Pediatric Anesthesia, July 2014.
Pellegrini L, Bennis Y, Velly L, Grandvuillemin I, Pisano P, Bruder N, Guillet B


Introduction: Recent data on newborn animals exposed to anesthetics have raised safety concerns regarding anesthesia practices in young children. Indeed, studies on rodents have demonstrated a widespread increase in brain apoptosis shortly after exposure to sevoflurane, followed by long-term neurologic impairment. In this context, we aimed to evaluate the protective effect of rh-EPO, a potent neuroprotective agent, in rat pups exposed to sevoflurane.

Material and Methods: At postnatal day 7, 75 rat pups were allocated into three groups: SEVO + EPO (n = 27) exposed to sevoflurane 2 vol% (0.5 MAC) for 6 h in an air/O2 mixture (60/40) + 5000−1rh-EPO IP; SEVO (n = 27) exposed to sevoflurane + vehicle IP; and CONTROL (n = 21) exposed to the mixture without sevoflurane + vehicle IP. Three days after anesthesia (D10), apoptosis was quantified on brain extract with TUNEL method and caspase 3. NGF and BDNF expression was determined by Western blotting. Rats reaching adulthood were evaluated in terms of exploration capacities (object exploration duration) together with spatial and object learning (water maze and novel object test).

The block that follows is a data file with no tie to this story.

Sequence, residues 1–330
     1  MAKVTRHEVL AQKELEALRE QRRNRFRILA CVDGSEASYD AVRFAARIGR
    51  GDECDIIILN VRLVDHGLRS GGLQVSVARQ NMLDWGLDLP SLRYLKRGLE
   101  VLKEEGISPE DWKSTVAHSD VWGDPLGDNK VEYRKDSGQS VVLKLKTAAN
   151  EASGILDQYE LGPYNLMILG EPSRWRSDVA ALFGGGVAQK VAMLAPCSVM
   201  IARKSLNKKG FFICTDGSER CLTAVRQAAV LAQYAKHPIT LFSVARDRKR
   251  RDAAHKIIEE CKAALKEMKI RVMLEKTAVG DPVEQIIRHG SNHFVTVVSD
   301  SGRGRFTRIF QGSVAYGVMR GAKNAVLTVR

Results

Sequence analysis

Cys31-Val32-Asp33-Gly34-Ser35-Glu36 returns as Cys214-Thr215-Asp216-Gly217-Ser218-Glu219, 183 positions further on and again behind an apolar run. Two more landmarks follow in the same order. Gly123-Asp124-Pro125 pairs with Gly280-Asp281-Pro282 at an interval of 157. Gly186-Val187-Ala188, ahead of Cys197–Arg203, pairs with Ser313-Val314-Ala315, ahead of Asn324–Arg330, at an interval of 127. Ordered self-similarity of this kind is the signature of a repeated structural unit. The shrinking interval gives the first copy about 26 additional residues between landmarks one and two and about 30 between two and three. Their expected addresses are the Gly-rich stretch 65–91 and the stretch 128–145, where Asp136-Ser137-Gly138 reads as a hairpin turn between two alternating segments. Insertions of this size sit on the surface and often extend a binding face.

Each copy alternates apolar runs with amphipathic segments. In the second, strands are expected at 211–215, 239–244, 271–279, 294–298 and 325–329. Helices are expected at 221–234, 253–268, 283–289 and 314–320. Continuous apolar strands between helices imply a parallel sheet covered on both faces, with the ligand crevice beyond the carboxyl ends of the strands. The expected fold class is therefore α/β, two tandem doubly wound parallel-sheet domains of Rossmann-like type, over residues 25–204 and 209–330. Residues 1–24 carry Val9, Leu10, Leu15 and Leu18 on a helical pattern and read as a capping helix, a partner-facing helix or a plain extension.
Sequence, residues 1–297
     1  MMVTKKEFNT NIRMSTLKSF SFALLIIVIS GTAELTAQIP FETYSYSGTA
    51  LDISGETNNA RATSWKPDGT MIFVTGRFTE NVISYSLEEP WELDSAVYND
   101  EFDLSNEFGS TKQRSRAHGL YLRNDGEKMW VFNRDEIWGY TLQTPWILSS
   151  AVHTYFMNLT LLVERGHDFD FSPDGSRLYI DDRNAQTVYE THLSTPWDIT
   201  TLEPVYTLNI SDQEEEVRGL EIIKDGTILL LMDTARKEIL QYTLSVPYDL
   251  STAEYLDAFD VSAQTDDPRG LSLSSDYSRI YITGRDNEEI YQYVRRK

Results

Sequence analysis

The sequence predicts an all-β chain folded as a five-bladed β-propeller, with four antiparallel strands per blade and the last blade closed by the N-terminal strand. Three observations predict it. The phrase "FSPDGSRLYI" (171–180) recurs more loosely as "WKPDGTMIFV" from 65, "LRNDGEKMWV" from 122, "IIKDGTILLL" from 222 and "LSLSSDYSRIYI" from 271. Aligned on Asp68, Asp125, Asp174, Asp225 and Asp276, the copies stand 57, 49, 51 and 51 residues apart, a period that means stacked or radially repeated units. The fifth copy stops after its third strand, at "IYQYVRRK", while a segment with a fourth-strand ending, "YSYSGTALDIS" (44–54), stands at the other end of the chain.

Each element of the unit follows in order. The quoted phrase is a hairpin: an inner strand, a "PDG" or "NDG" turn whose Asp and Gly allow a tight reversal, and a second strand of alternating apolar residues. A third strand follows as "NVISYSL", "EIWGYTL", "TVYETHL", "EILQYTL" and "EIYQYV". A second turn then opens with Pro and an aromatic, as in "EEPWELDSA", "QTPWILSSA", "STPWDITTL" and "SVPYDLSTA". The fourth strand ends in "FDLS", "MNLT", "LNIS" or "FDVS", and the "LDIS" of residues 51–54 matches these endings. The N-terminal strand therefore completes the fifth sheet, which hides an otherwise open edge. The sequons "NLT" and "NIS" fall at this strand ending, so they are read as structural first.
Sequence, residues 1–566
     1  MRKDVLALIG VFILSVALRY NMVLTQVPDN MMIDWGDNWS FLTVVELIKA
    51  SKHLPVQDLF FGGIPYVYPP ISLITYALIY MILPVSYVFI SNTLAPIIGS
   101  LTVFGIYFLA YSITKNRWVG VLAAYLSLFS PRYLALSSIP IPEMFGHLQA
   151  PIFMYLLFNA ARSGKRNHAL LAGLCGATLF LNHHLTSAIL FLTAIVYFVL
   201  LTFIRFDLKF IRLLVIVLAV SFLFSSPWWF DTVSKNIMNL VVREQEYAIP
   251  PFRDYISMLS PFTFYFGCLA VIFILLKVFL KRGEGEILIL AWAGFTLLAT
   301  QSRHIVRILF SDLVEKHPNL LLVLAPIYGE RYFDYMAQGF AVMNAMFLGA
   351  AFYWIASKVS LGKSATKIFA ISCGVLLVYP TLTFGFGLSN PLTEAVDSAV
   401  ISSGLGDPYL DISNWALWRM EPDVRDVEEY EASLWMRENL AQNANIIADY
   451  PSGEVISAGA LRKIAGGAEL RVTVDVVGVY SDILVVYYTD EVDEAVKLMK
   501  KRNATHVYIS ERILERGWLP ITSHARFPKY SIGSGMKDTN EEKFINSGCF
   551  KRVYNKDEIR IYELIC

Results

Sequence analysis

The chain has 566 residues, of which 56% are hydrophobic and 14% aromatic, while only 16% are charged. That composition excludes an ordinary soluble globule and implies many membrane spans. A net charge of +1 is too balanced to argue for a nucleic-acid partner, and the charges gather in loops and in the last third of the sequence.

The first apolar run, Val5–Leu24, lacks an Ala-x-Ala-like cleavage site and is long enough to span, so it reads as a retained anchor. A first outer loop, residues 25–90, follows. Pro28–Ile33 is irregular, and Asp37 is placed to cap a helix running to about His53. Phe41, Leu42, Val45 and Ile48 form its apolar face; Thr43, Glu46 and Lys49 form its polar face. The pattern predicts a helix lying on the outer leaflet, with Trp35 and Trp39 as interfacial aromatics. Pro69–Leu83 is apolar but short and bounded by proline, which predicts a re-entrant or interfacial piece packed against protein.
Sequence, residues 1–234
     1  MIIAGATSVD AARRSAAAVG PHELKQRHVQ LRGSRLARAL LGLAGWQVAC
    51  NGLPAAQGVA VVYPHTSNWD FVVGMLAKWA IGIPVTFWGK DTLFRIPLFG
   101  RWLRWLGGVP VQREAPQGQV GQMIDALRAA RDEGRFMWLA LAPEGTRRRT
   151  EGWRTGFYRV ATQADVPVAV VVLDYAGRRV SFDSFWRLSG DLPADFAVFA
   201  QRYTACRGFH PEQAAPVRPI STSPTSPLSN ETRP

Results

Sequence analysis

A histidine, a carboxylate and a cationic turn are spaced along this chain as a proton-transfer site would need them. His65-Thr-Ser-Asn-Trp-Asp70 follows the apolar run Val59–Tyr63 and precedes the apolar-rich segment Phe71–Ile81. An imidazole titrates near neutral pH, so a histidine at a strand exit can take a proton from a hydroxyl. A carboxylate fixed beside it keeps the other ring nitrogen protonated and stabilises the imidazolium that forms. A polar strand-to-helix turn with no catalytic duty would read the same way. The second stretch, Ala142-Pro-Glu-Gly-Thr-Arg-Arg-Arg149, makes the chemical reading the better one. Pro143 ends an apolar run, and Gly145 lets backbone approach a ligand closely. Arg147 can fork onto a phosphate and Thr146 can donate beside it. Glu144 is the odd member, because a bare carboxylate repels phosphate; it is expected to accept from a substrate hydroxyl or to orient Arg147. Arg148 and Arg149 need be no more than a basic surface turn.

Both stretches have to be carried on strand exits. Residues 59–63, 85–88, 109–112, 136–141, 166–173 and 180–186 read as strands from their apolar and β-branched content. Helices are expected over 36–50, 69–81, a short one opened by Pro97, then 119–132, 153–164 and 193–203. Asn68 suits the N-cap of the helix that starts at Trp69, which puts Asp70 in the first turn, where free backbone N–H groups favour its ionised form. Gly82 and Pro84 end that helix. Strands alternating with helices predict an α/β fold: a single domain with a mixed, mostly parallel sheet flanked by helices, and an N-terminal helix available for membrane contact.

Results: Sevoflurane exposure impaired normal behavior in adult rats by reducing the exploratory capacities during the novel object test and impaired both spatial and object learning capacities in adult rats (water maze, ratio time to find platform 3rd trial/1st trial: 1.1 ± 0.2 vs 0.4 ± 0.1; n = 9, SEVO vs CONTROL; P = 0.01). Rh-EPO reduced sevoflurane-induced behavior and learning abnormalities in adult rats (water maze, ratio time to find platform 3rd trial/1st trial: 0.3 ± 0.1 vs 1.1 ± 0.2; n = 9, SEVO + EPO vs SEVO; P = 0.01). Three days after anesthesia, rh-EPO prevented sevoflurane-induced brain apoptosis (5 ± 3 vs 35 ± 6 apoptotic cells·mm−2; n = 6, SEVO + EPO vs SEVO; P = 0.01) and elevation of caspase three level and significantly increased the brain expression of BDNF and NGF (n = 6, SEVO + EPO vs SEVO; P = 0.01).

Conclusion: Six hours of sevoflurane anesthesia in newborn rats induces significant long-term cognitive impairment. A single administration of rh-EPO immediately after postnatal exposure to sevoflurane reduces both early activation of apoptotic phenomenon and late onset of neurologic disorders.

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